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NHL Playoffs 2012: Washington Capitals Offense Needs More Aggression in Game 2

NEW YORK, NY - APRIL 28:  Alex Ovechkin #8 of the Washington Capitals breaks his stick in the first period of Game One of the Eastern Conference Semifinals against the New York Rangers during the 2012 NHL Stanley Cup Playoffs at Madison Square Garden on April 28, 2012 in New York City.  (Photo by Bruce Bennett/Getty Images)
Bruce Bennett/Getty Images
John BainCorrespondent IINovember 5, 2016

Game 1 of the 2012 NHL Playoffs Eastern Conference Semifinal matchup between the New York Rangers and Washington Capitals concluded Saturday afternoon with the Rangers scoring the 3-1  victory. One noticeable aspect of both the Capitals and Rangers games was the continuation of their strong defense, and ability to keep pucks from getting to the net.

The game was tight from puck drop until the final horn, but in the end, the Rangers were able to take advantage of a couple Washington mistakes and pull out the victory. The Capitals need to find their offense soon in this series if they plan on advancing to the Eastern Conference Finals to face either Philadelphia Flyers or the New Jersey Devils this postseason.

Although the Capitals outshot the Rangers 18-14, they did not produce many prime scoring chances. In fact, most of their scoring chances don't even count as shots as they hit four posts throughout the game.

In order to score on this Rangers team, there are a few points of criteria the opposition must fulfill.

First, the Capitals must get the puck deep and keep possession down low. The Rangers love to bang bodies and their bruising defensemen will try to overpower the puck carrier every time and get the puck back on their sticks. The Capitals must sustain pressure and set up their offense when they are in the Rangers zone.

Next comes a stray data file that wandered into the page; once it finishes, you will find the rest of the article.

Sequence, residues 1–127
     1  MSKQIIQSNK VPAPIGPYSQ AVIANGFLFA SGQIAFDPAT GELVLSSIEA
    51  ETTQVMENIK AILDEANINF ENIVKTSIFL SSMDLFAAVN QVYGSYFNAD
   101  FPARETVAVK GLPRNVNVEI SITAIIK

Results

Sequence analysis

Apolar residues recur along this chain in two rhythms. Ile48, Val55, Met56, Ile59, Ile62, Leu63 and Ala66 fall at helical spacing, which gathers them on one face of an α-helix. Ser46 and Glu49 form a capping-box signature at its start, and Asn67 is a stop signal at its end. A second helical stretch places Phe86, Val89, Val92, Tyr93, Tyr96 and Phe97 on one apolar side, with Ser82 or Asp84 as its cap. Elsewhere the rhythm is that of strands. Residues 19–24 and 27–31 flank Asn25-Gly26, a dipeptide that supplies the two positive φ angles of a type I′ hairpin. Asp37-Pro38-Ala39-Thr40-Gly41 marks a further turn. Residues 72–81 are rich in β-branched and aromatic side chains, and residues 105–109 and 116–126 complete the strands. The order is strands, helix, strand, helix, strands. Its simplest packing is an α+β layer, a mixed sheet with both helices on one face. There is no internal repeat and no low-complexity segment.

Secondly, the Caps must be able to spread the New York Rangers out so they can create shooting lanes. If we learned anything from the Rangers/Senators series, it was that they love to block shots and will sacrifice their bodies in any way possible to keep the puck from reaching goaltender Henrik Lundqvist. If they are able to produce more than 18 shots on goal in Game 2, they give themselves a much better opportunity to put the puck in the back of the net.

Lastly, the Capitals need to create more traffic in front of Henrik Lundqvist. Of the shots he saw in Game 1, Lundqvist had too much time and space to stop 17 of the 18 shots he faced. The Caps must utilize big bodies like Troy Brouwer and Jay Beagle to bump in front of the net and try to faze the ever so calm Lundqvist and get him off his game. If the Capitals can achieve all three of these aspects of their offense, they will have a much better opportunity to increase their offensive output throughout this series.

Of course, one would love to just say let Washington captain Alexander Ovechkin run loose and play his old style of game where he was putting up 50 and 60 goal seasons, but that kind of play opens up too many holes and will play into the Rangers favor should the Caps go this direction.

The Capitals must stick to their system, but also cheat a little bit to chip a few more goals in past Lundqvist if they want to win this series.

John Bain is a Bleacher Report Featured Columnist

Follow John on Twitter: @JohnBainSports

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